U.S. unemployment rate lowest in 18 years
U.S. employment has risen for 92 consecutive months, the longest jobs-expansion streak on record.
The United States' headline unemployment rate fell to 3.8 percent in May, the lowest level since April 2000, the Labor Department said Friday.
A total of 223,000 new nonfarm jobs were created last month, exceeding economists' expectations.
U.S. employment has risen for 92 consecutive months, the longest jobs-expansion streak on record, while the current jobless rate in the U.S. indicates a market with virtually full employment.
Average hourly wages for all employees on private nonfarm payrolls rose by an average of $0.08 last month to $26.92; average hourly earnings have moved up 2.7 percent so far this year, and economists expect labor costs to keep rising.
The labor force participation rate, defined as the share of the population 16 years and older either working or seeking work, dropped minimally from 62.8 percent to 62.7 percent.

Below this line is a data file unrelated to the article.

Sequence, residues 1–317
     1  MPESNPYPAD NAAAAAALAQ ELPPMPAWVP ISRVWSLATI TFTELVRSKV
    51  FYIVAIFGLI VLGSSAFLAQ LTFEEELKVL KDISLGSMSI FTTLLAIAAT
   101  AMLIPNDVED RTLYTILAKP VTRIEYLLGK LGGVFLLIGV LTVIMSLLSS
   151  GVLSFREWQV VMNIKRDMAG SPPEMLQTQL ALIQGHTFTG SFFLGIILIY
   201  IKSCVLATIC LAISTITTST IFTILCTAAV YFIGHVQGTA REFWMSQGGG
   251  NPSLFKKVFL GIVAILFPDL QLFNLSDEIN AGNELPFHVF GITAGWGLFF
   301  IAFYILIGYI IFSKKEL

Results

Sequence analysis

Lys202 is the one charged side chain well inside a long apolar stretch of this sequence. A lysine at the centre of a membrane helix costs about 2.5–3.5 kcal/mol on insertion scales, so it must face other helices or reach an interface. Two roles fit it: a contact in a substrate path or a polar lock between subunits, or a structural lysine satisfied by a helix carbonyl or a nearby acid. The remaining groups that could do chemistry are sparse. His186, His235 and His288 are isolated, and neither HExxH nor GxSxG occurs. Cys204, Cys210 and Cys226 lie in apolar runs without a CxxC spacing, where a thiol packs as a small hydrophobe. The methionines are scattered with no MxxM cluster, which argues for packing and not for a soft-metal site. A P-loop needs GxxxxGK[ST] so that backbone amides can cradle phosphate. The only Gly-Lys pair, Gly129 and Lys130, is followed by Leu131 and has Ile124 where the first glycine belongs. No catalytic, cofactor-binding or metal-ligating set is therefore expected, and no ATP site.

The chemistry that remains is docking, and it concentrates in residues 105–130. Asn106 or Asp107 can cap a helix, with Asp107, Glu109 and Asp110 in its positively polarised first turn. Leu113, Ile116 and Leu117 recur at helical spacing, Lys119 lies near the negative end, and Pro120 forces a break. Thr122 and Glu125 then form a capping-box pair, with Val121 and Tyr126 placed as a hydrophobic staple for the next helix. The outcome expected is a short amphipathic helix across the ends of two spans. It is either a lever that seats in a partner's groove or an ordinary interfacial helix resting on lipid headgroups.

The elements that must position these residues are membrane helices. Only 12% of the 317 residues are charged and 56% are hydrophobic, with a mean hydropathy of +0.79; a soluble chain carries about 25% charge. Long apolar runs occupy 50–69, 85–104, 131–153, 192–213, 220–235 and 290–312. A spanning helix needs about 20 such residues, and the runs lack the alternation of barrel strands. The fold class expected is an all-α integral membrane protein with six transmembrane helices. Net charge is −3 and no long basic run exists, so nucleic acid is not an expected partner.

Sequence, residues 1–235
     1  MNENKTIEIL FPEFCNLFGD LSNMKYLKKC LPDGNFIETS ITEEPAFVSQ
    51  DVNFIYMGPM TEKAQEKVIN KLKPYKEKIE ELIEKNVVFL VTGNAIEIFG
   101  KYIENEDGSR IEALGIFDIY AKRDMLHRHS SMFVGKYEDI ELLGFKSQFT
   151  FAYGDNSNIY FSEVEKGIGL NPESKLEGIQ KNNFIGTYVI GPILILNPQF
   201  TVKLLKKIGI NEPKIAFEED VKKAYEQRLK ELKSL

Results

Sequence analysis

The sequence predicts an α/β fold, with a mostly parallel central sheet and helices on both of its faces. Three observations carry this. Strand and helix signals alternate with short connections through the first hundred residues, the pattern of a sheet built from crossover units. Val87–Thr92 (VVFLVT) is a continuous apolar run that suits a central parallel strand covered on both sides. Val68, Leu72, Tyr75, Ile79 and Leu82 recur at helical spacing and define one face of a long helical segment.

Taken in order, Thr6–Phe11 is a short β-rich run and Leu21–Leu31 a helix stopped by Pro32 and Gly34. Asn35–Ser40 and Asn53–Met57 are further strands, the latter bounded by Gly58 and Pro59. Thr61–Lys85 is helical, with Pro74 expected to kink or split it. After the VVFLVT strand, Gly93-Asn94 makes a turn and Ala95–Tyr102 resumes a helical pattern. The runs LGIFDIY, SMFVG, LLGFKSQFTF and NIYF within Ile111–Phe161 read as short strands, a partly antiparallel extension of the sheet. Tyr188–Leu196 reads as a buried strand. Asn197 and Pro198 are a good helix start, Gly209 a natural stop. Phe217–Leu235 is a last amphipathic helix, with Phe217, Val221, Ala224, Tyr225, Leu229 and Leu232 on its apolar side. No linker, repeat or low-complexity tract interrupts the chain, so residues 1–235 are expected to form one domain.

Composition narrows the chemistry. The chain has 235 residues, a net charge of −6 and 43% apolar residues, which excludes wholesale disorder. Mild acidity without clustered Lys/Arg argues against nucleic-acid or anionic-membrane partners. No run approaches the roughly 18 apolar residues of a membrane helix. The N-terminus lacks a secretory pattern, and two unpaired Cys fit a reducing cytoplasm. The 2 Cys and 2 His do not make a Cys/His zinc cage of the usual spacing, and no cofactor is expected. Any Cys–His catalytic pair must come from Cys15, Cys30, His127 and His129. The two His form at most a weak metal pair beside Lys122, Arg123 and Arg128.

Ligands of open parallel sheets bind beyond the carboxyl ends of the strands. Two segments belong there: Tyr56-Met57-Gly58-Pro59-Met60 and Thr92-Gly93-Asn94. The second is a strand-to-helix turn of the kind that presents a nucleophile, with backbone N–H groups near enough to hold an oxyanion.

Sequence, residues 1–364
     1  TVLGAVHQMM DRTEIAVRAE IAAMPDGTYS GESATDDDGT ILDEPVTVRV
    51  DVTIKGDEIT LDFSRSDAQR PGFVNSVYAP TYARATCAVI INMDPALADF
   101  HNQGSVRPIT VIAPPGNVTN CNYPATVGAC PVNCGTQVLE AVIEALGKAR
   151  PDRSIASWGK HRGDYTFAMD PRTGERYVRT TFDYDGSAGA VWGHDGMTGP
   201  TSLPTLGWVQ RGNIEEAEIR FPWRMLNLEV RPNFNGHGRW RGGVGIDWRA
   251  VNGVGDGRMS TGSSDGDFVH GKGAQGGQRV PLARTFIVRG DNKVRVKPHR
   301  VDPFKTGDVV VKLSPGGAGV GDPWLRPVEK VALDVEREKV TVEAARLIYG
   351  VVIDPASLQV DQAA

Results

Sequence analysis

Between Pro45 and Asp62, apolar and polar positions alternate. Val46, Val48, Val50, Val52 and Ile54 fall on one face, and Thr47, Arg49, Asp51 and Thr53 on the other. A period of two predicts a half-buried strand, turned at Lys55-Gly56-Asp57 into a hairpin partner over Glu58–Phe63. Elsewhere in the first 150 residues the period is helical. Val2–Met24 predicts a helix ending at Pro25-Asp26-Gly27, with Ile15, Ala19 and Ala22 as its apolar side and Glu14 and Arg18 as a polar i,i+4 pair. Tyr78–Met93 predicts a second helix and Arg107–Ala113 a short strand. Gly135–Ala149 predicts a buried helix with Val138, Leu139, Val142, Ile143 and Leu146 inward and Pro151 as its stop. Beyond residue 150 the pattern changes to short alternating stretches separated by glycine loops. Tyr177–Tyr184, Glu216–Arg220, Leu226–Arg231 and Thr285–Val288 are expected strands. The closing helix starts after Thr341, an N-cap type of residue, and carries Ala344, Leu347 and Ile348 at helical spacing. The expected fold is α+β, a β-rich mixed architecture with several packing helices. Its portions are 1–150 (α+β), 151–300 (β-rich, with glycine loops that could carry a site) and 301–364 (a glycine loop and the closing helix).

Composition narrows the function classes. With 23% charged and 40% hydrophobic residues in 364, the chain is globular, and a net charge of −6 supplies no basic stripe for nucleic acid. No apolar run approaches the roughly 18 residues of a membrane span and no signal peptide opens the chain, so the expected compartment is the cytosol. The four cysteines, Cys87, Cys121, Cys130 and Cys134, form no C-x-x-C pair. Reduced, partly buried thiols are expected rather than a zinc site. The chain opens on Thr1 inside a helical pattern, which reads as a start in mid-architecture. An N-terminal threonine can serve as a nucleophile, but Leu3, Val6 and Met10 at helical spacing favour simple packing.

Besides the headline unemployment rate (U-3), the Labor Department's Bureau of Labor Statistics also releases other unemployment figures, among them the so-called U-6 rate, which also includes underemployed and discouraged workers.
The U-6 came in at a seasonally adjusted rate of 7.6 percent last month, down from 7.8 percent in April and 8.4 percent in May 2017.
"With the unemployment rate falling to 3.8 percent in May, the lowest in over 18 years, America's job market remains strong. The unemployment rates for African-Americans and Asian-Americans reached record lows. Adult women and adult men recorded the lowest unemployment rates since 2000, at 3.3 percent and 3.5 percent, respectively," Labor Secretary Alexander Acosta said in a statement.
"With 223,000 jobs created in May, America's job creators have now added over 3.4 million jobs since President (Donald) Trump's election. That job increase includes more than a million jobs since the president signed his tax cuts package into law five months ago."
This latest strong labor-market report raises expectations that the U.S. Federal Reserve will hike interest rates once again at its next policy meeting in mid-June.
The Fed's benchmark federal-funds rate currently is set at a range of between 1.5 percent and 1.75 percent.